The digital home is on the horizon, and Microsoft is on the hunt for some new real estate.

Speaking from the software maker's California campus on Monday, Microsoft vice president Mike Toutonghi laid out the company's latest efforts to develop software and services for home users, now part of a new business unit at Microsoft called the eHome division.

Officially formed in February this year, Microsoft's eHome division is at the fore of the company's efforts to build a Windows-focused home network that enables average consumers to use a PC for consuming entertainment and communicating with voice, video and text over the internet — what Toutonghi referred to as "applying the PC's power to the home".

About nine years after it first started researching new computing technologies aimed at home users, Microsoft now says the statistics are finally beginning to reveal a consumer market that is capable of adopting new technologies in the home.

The combination of high-speed internet and home networks lays the foundation for Microsoft's vision for the future of consumer computing.

A number of competing hardware and software makers already offer the kinds of products and services that Microsoft outlined in its eHome. Yahoo unveiled yesterday an addition to its free email that means subscribers can send video messages as well as text. Several hardware makers have turned the television into an outlet for home computing through video game consoles and set-top boxes.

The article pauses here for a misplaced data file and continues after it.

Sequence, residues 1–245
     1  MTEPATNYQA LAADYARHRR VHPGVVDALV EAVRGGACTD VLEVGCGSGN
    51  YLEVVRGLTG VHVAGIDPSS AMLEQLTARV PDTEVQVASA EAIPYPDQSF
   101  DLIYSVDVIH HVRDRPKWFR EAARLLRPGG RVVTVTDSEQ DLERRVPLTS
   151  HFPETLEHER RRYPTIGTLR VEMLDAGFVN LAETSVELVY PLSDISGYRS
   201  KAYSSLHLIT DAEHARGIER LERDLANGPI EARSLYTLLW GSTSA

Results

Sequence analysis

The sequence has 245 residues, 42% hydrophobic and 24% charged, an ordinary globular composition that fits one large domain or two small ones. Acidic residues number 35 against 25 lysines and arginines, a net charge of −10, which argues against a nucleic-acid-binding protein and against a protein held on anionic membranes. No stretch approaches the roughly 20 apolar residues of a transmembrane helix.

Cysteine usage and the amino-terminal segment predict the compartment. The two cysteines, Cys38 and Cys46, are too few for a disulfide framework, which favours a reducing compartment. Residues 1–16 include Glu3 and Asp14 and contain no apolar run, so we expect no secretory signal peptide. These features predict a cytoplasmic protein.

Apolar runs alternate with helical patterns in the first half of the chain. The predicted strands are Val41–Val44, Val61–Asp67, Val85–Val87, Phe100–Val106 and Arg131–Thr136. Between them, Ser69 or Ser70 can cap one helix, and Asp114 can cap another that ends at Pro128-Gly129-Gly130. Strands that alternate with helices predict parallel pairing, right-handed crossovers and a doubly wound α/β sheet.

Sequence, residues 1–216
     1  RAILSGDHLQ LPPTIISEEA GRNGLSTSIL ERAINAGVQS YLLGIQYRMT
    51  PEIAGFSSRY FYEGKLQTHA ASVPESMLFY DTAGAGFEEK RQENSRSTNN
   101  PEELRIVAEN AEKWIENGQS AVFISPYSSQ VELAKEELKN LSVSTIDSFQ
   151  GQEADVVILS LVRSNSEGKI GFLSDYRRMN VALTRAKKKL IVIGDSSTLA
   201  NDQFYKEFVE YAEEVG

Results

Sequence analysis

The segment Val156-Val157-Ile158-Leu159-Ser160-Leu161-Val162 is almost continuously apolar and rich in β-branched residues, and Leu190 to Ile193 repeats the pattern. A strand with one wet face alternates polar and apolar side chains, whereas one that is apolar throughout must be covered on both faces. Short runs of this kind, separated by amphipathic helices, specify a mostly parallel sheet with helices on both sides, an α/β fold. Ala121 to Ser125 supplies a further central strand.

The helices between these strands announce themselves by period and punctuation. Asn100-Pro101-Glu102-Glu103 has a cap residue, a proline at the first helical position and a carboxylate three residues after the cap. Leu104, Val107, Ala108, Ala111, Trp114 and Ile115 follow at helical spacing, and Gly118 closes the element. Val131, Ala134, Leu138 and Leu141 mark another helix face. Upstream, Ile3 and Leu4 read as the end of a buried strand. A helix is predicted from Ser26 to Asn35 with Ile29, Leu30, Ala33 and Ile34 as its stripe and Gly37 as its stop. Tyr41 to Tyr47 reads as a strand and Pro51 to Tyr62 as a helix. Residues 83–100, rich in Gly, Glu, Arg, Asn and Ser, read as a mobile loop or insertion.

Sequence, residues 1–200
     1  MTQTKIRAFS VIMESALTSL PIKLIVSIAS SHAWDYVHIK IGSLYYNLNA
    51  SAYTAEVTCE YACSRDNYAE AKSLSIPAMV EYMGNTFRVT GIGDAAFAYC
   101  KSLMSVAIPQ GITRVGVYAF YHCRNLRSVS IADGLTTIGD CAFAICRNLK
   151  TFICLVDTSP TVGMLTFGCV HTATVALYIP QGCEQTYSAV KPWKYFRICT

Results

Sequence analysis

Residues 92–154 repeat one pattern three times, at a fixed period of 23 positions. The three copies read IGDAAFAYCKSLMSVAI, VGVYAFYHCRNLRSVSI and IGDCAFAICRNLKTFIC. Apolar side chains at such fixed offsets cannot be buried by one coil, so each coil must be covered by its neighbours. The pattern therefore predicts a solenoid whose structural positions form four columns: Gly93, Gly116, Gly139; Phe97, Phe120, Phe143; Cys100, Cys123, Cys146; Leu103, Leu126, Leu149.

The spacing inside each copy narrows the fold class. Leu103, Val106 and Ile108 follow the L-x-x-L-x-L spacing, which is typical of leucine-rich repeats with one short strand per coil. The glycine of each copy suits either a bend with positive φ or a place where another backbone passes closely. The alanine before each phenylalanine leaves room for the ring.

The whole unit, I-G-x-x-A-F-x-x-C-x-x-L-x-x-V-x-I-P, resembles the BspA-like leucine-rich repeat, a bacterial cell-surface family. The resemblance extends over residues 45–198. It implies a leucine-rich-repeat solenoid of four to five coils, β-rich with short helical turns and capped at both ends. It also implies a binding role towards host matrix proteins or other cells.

However, Toutonghi says there is still no simple way to make all these devices and services work with each other. "The very early adopters can take a lot of products that are out there and make an environment like this," he said. "But for the broader market... the kinds of experiences people want are still somewhat out of reach."

But Microsoft admitted that its home management services won't be available for another few years. "Yes we've talked about it; everyone has talked about it," he said. "We haven't really had the resources to do this yet... in part because the technology wasn't there or it was too expensive."

In fact the eHome division has yet to make any hard product announcements, and doesn't expect to for at least a year, Toutonghi said. "We very much consider this a long-term initiative," he said.